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Serving Up Cervical Health

Updated: Jan 31, 2019

January is Cervical Health Awareness Month so before the month ended I wanted to look more into the cervix and how to keep it healthy...



The CDC shared that 11,000 women are diagnosed with cervical cancer annually. Specifically, black women account for 2,000 of those diagnoses and 40% of cervical cancer deaths. Cervical cancer is mostly caused by the Human papillomavirus (HPV). HPV is a group of more than 200 viruses that are commonly transmitted by oral, vaginal, and/or anal sex along with shared sex toys with someone who has HPV. There isn't a cure, but our bodies are capable of getting rid of the virus on their own.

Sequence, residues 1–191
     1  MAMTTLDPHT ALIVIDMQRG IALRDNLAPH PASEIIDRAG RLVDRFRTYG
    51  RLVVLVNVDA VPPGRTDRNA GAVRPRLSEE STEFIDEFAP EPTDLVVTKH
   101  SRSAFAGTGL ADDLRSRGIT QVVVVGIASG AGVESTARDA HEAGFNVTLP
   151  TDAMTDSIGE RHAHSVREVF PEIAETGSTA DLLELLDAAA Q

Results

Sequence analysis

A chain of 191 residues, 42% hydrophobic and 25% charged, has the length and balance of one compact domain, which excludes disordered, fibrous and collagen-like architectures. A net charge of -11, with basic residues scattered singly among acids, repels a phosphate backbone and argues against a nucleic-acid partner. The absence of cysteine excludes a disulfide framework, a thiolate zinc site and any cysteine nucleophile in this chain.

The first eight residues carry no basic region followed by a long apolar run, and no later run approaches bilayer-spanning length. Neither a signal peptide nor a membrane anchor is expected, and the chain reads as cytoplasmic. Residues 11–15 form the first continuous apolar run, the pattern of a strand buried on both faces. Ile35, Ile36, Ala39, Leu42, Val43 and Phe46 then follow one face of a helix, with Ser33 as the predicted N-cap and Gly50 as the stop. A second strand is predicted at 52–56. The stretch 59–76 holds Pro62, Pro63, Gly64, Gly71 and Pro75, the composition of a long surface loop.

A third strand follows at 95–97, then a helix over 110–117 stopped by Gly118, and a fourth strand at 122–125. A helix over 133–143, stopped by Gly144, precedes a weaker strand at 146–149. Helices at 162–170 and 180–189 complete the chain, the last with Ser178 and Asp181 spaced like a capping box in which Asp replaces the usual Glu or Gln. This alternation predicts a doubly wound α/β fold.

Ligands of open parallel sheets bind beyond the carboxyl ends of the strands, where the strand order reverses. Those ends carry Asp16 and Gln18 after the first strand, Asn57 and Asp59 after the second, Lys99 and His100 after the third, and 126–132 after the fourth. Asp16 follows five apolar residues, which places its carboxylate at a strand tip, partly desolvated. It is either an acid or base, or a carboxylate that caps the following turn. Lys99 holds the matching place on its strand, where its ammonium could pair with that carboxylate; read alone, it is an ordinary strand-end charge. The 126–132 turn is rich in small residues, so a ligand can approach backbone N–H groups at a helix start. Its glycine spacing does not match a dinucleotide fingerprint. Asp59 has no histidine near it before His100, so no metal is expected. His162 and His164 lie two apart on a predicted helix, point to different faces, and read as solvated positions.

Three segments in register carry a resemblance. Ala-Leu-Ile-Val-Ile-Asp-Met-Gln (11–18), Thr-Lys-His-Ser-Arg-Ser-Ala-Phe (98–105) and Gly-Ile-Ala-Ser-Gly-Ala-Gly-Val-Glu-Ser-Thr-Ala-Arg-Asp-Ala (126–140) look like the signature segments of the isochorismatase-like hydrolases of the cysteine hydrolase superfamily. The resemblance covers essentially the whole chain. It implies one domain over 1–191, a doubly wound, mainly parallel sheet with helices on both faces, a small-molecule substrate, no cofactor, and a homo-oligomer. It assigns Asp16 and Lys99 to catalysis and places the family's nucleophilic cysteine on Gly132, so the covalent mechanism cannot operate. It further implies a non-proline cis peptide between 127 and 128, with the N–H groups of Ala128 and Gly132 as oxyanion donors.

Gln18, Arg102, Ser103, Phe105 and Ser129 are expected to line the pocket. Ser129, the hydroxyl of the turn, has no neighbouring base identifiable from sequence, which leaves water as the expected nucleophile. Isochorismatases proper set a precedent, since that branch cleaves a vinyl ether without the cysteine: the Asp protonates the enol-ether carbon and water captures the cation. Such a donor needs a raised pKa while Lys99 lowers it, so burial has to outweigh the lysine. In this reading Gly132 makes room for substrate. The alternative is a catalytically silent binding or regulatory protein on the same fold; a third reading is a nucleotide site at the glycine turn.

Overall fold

The Black Women's Health Imperative (BWHI) highlighted why HPV is a concern for black women:


Find out more about HPV here.


Often considered the "other" cancer, cervical cancer is yet another health concern that places black women at the higher end of the risk spectrum. Awareness and knowledge are necessary steps to improve the odds against us which is why this blog post is so important.


First, let's look at what a cervix is and where it is located in our body...


The cervix is the cylinder-shaped opening made mostly of strong fibromuscular tissue that is located at the bottom of the uterus and connects it to the vagina. The cervix consists of the exocervix (outer surface of the cervix) and the endocervix (inner portion of the cervix). The endocervix contains a narrow endocervical canal; external os (opening between the vagina and cervix) and the internal os (opening between the cervix and uterus).